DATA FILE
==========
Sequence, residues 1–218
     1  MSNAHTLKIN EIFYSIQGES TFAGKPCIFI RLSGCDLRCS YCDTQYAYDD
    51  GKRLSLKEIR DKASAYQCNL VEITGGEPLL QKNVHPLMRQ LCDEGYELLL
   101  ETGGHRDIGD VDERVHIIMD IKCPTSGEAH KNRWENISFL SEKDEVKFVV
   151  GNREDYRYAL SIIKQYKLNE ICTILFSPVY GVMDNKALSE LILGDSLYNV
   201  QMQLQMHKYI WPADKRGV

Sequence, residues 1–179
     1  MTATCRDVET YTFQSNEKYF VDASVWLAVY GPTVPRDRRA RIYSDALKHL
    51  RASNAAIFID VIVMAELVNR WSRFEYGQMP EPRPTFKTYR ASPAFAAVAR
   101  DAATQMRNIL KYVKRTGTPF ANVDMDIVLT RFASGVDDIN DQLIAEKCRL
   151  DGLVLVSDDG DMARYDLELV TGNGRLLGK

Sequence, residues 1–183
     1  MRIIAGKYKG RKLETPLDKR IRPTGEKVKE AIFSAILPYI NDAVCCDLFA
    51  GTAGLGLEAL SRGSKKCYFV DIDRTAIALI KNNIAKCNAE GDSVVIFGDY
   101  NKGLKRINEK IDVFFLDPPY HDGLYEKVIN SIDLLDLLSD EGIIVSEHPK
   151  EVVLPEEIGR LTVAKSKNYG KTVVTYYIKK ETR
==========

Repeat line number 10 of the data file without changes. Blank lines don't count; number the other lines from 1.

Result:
   101  DAATQMRNIL KYVKRTGTPF ANVDMDIVLT RFASGVDDIN DQLIAEKCRL